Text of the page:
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Update on international student recruitment in Ontario

Ontario’s universities and colleges satisfied with province’s distribution of allocation for international study permits in 2024.


Ontario is “open for business” for international undergraduate students hoping to study at one of its universities this year, according to the Council of Ontario Universities (COU). After a two-month-plus interruption triggered by new federal limits on the number of study permits issued, Steve Orsini, president and CEO of the COU said, “We’re full steam ahead. There’s some catch-up we have to do.”

Ontario’s ministry of colleges and universities announced March 27 that 96 per cent of the 235,000 study permit applications the federal government has allowed the province this year – more than a third of the total for the country – would go to publicly funded colleges and universities. These will be controlled through the issuing of provincial letters of attestation, or PALs, which each accepted international student must submit to the federal immigration department as part of their study permit application. About 80 per cent of the PALs are expected to go to publicly funded colleges, leaving about 16 per cent for universities and four per cent for language schools, private universities and other institutions. Private career colleges will not receive any PALs.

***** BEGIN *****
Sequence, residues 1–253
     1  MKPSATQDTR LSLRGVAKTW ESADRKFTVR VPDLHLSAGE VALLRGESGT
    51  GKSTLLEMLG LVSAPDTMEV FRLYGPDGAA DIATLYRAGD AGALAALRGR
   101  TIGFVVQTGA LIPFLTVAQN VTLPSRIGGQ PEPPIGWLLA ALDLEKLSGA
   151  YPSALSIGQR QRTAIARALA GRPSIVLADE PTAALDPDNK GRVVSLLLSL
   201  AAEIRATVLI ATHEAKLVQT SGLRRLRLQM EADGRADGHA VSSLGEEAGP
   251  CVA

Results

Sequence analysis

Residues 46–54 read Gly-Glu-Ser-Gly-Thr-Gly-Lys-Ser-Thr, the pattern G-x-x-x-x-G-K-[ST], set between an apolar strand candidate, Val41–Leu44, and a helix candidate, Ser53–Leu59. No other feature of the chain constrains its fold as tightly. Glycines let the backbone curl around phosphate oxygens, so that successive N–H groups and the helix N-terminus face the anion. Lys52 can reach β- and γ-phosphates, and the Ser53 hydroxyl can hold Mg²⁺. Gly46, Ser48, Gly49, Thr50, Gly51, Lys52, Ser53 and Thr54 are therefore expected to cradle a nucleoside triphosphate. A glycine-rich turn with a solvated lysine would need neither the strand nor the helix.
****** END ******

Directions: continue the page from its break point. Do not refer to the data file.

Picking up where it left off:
The public universities’ allocation fell short of the 35 per cent they’d lobbied for, said Mr. Orsini. The COU had also asked that universities where international students made up less than 35 per cent of total enrolment be allowed to “grow modestly,” but that was denied. Still the COU feels that the Ontario government’s decision recognized that universities have approached international student recruitment responsibly. “That was the more important part of the announcement,” Mr. Orsini said. “They didn’t penalize the good performers.”

Ontario, which has had the largest share of international students in the country, was among the last Canadian provinces to launch its system for issuing PALs, creating additional delays for institutions already in the throes of their admissions processes for the next academic year. But within a day of the March 27 announcement, the province had already issued more than 2,000 of the required letters, through the Ontario University Application Centre (OUAC).

In late January, federal immigration minister Marc Miller announced his department would impose restrictions over the next two years on the number of study permit applications it would process, mostly for foreign nationals applying to undergraduate college and university programs. The change was a bid to rein in a fast-growing immigration program that Mr. Miller described as “a bit of a mess.” The limit of 606,250 applications in 2024 was expected to result in a total of 364,000 new study permits this year for the capped groups, a 35 per cent cut from 2023. International students applying to master’s and doctoral programs, elementary and secondary schools, and those seeking study permit renewals were exempted. Provinces and territories were given until March 31 to create systems for issuing PALs under each jurisdiction’s federal allotment, based on population, previous study permit application volumes and approval rates.